Homeless men find shelter in a book club
A Cleveland outreach nurse says there's camaraderie and escape in book discussion.
Teresa Hernandez/Special to The Christian Science Monitor
One recent afternoon, they spotted fellow King devotee Donna Kelly as she rounded the corner by the front desk. They followed her down a brightly lit hallway to a locked room, where she dropped her cases of sodas and snacks before backtracking to the shelter office to find a key and announce the start of the book club over the public address system.
Newcomer Marc Zak, a young man wearing thick glasses and work boots, waited outside the door, eager to start talking about books.
"That's all I do," said Mr. Zak who has been at the shelter for two months and favors mysteries, science fiction, and adventure titles. "I just read."
At a time when book-reading is declining and is especially low among poorer people according to a recent Associated Press-Ipsos poll, the book club at 2100 Lakeside seems ill-fated. But, while 1 in 4 people polled admitted to having read no books in 2006, homeless men here are reading two a month.
The books are supplied by the Cleveland Public Library which has partnered with Ms. Kelly's employer, Care Alliance, a health care provider for the homeless. Kelly, an outreach nurse, began the club last fall after noticing how many homeless men brought books to the health clinic she helped run in the shelter's cafeteria.
At first, she simply worried about reading-related health issues – thinking a man with large-print books needed glasses, for instance. But when Kelly talked to the homeless about the books they were reading, they seemed to trust her more. They opened up to her about the drugs, the past abuse, and other things they may not have told her otherwise.
Kelly has found that the men are more open to counsel on health-related topics, such as how to talk to a doctor, when it relates to the experience of a character in a book they love. Sometimes, the book club has spurred its members to make more significant changes. For instance, during a book club field trip to hear an author's talk, one man acknowledged his alcohol problem and said he was ready to see a counselor.
"Sometimes healthcare isn't just about passing out pills," says Kelly. "It's about having a continuing relationship with my patients."
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Some men dropped by the book club for the free snacks and left, but most grabbed a metal folding chair and sat around the circle talking books as if they were in a college seminar instead of the city's packed, 350-bed homeless shelter.
"We love books," said Willie Griggs, who has had heart surgery and walks with a cane. "We don't have a TV we can carry around with us."
Instead of watching TV in one of the living areas, called "communities," 15 men came to talk about Frank McCourt's "Angela's Ashes." The room was warm, but most didn't take off their coats. Some even kept their hats and scarves on while munching Doritos and sipping diet soda.
"I disagreed with Bill Cosby initially, but what he said bore out," said Richard Albarr, whose black middle-class roots show in his sporty zip-up collar as well as in his opinion. "You're a homeless bum. You're a crackhead. If it's true, it hurts."
But Cosby had more critics than sympathizers. Donald Lewis, a young African-American man, summed up Cosby's sentiment as "bashing the black race."
"What do you think Martin Luther King would have said to Bill Cosby after his speech?" Kelly asked.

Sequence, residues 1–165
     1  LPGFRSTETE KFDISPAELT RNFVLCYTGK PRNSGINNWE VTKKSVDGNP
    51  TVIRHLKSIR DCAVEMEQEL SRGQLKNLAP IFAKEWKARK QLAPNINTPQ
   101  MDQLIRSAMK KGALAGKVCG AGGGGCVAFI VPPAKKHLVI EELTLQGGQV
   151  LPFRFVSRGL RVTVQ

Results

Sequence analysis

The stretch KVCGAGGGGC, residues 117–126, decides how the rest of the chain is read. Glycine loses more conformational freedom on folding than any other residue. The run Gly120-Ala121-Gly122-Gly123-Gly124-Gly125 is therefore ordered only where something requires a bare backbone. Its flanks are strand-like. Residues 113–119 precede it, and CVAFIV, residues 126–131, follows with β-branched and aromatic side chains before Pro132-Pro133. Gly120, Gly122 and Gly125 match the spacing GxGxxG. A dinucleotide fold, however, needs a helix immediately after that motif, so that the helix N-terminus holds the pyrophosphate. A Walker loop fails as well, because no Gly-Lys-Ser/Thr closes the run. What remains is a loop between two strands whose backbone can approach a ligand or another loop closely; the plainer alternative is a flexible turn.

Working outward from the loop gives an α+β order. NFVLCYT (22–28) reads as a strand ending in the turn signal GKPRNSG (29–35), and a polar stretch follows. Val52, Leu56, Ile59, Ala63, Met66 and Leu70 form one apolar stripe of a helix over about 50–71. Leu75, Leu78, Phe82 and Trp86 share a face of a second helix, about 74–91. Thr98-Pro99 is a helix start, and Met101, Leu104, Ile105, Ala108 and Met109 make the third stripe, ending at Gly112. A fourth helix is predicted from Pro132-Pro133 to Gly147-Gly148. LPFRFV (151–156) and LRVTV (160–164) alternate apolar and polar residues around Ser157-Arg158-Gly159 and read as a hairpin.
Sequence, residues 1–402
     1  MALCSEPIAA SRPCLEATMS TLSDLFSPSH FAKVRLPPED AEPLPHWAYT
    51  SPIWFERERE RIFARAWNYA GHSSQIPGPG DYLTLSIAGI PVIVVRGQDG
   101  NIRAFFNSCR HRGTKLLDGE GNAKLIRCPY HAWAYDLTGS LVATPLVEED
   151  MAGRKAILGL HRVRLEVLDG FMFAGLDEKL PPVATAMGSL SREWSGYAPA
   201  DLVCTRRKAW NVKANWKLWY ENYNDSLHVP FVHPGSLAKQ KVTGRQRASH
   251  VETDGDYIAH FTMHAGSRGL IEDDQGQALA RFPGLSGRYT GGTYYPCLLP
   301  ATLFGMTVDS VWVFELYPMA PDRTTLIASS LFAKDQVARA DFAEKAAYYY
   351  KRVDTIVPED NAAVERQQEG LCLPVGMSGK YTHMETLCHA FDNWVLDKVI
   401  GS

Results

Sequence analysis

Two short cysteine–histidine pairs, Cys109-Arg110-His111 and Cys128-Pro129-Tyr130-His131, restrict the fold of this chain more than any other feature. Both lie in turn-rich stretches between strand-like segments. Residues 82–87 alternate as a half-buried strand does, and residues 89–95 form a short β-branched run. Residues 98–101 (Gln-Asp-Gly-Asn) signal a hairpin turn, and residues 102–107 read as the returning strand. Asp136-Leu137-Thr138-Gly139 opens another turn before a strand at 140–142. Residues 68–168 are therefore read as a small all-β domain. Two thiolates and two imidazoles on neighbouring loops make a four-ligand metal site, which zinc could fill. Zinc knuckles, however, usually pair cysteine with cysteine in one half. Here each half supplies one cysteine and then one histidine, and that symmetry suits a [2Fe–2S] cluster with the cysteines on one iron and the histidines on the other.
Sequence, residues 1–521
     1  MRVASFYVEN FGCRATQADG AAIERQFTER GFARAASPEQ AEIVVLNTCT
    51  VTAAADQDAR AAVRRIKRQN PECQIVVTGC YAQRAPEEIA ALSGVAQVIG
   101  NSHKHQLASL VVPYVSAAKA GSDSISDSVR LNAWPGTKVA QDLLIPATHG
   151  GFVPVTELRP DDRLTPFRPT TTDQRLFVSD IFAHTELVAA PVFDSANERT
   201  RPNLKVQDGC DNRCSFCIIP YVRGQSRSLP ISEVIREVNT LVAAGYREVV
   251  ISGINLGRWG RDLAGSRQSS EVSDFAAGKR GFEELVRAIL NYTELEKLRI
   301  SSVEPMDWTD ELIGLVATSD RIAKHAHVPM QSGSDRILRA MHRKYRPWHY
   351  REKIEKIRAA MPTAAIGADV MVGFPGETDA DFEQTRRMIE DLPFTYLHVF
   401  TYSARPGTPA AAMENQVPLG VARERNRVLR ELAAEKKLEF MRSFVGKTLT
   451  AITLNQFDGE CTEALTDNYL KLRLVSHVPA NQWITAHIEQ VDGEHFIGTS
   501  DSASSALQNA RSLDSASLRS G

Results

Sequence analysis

"He would have slapped him," said Donald Sanders, still bundled in his blue hat and coat. "No more nonviolent after that."
Laughter ripped through the room.
Some readers eschew book clubs because they don't want to dissect the magic of a book or have their opinions dwarfed by a few boisterous personalities hung up on tired themes. While a few homeless men sometimes dominated the discussion, everyone got a chance to speak. And there were no clichés. Some book club members have been to jail and others to college. Along with book chat, they have revealed pasts that contain enough despair – abuse, addiction, poverty, loss – to fill a thousand novels.
Kelly has noticed that participants "pick the place where the character is at the crossroads." They know they're at the same point, and they're trying to get someplace better.
The book club offers camaraderie and escape, which has awakened in some a new love for reading. Mr. Lewis, who said he taught himself to read, runs to the dictionary every time he gets to a word he doesn't understand. Dudley Peterson, a book club regular, reads constantly, even when he's walking down the street. Jawann Hall, a 22-year-old writer who is 15 chapters into his autobiography, often gets inspired to write about his own life after book club.
"I did use cocaine. I've been shot at," Mr. Hall said. "I have to put it out there."
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The book fervor is catching. A new book club has started at Joseph's Home, a shelter for homeless men recently discharged from hospitals or with other serious health problems. And Kelly is working on starting another at a shelter for homeless women and children.
Kelly tries to bring health literacy into every meeting without disrupting the excitement generated by discussing the books. But for Merce Robinson, literacy coordinator for the Cleveland Public Library, it's just a book club.
"This [book] club is no different than any other," she says. "We're connecting people with books and giving them an opportunity to express themselves about what they're reading."
Indeed the intellectual aspects – not the practical ones – may be the main draw.
At the end of the recent 2100 Lakeside book club meeting, no one asked Kelly, "When can I see a doctor?" Or, "Where can I get a job?"
They asked, "When do we get more books?"